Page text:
The Potential Lasting Impact of Childhood Trauma
While growing up, a significant percentage of children have traumatic experiences. Experts refer to these experiences as adverse childhood events or ACEs. Most ACEs only have a short-term impact on affected children. However, such events may also have a much longer-term impact on your health and well-being. In fact, research has linked ACEs to a wide range of mental and physical health issues among adults.
Fortunately, it is possible to limit the effects of adverse childhood events. Proper treatment can help you overcome their impact. It can also help reduce your risks for the many health problems associated with ACEs.
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What Are Adverse Childhood Events (ACEs)
Adverse childhood events are also known as adverse childhood experiences. The common shorthand for both of these terms is ACE. But what qualifies as an adverse childhood event? The term applies to any childhood experience that produces significant trauma.
Trauma is a natural response to certain distressing situations. It produces emotional responses that can include things such as:
- Fear or terror
- Denial of what’s occurred
- A sense of shock
- Mental disorientation
Examples of Adverse Events in Childhood
A variety of childhood experiences are capable of producing traumatic reactions. Examples of these experiences include:
- Sexual or physical abuse
- Emotional abuse
- Physical or emotional neglect
- Witnessing violent acts against other people
- Having a parent or other family member with serious substance problems
- Living with someone who has an untreated mental illness
- Having a loved one who attempts suicide or actually dies from suicide
It is important to note that not all children are affected by ACEs in the same way. Events involving a loved one or family member tend to have the most lasting effects.
Who Has the Highest Risks
Any child can experience an adverse childhood event. However, the overall risks are not evenly distributed in all social groups. The highest risks for repeated exposure to ACEs appear among ethnic or racial minorities and women.
Toxic Stress and Its Toll
All traumatic events produce some amount of stress on affected people. Stress comes in three separate forms or categories, known as:
Positive stress is not associated with something as serious as an ACE. Instead, it is a healthy response to much less intense stressful situations in daily life. Tolerable stress is associated with ACEs. It occurs when a child successfully processes a traumatic event without experiencing any further problems. Toxic stress differs significantly. It occurs when a child’s coping mechanisms are overwhelmed by trauma. It also has a damaging effect on a child’s mental and physical well-being.
As a rule, toxic stress is the result of traumatic experiences that are either:
- Constant or prolonged
Experiences that meet these criteria typically include emotional or physical abuse. They also include ongoing neglect and violence exposure. Most affected children do not receive needed support from their parents or other adults. Without treatment, the effects of continual toxic stress in childhood can easily become permanent.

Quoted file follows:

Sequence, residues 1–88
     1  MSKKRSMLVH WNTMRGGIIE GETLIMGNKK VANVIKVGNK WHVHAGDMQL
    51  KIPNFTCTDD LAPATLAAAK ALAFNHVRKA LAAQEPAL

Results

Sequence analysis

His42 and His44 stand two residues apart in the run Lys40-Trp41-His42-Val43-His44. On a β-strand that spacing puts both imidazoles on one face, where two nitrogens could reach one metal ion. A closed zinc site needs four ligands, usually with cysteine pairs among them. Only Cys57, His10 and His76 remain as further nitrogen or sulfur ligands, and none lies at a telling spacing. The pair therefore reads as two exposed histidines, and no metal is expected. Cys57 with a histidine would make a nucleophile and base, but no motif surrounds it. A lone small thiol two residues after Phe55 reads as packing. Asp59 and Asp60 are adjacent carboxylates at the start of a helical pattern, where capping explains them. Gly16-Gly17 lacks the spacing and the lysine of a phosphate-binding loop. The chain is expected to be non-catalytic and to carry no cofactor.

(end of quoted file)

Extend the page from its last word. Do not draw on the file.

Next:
In addition to ACEs, certain other factors can increase the chances of experiencing toxic stress. Examples of these factors include:
- Growing up in poverty
- Not having reliable access to food
- Living in a racially segregated area
- Moving frequently from home to home
Importantly, such factors often occur alongside ACEs.
Brain Chemistry and Toxic Stress
One of the reasons why toxic stress is so harmful is the way it can alter a child’s brain development. For example, toxic stress can alter a child’s normal balance of brain chemicals. It can also alter the actual structure of the brain. The end result can be a range of notable problems, including:
- Higher levels of anxiety
- A decreased ability to control mood changes
- Impairment of normal memory function
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The Impact of ACEs on Individuals
Adverse childhood events can lead to a number of serious personal issues in adulthood. For any given person, these issues may include higher risks for health problems such as:
- Sexually transmitted illnesses
- Difficulties during pregnancy
- Heart disease
- Drug and alcohol addiction
- Mental illness
In addition, affected teens and adults have increased odds of being sexually trafficked. ACE-related toxic stress is also tied to a variety of adult issues. Examples here include:
- Problems forming or maintaining relationships
- Financial instability
- Difficulty maintaining steady employment
ACEs, Trauma, and PTSD
The world’s most common trauma-related illness is PTSD or posttraumatic stress disorder. Research clearly identifies adverse childhood events to increased PTSD risks. It also increases the risk for complex PTSD. This is a term for PTSD linked to recurring or chronic trauma exposure.
Exposure to Multiple ACEs
The more you are exposed to ACEs, the greater the potential effect. Dangers are especially great for children who live through at least four such events. People in this category have higher risks for eight out of 10 of America’s leading causes of death. They are also up to 12 times more likely to attempt suicide and use IV drugs. Risks for behavioral and learning problems skyrocket 32 times above the norm for other children.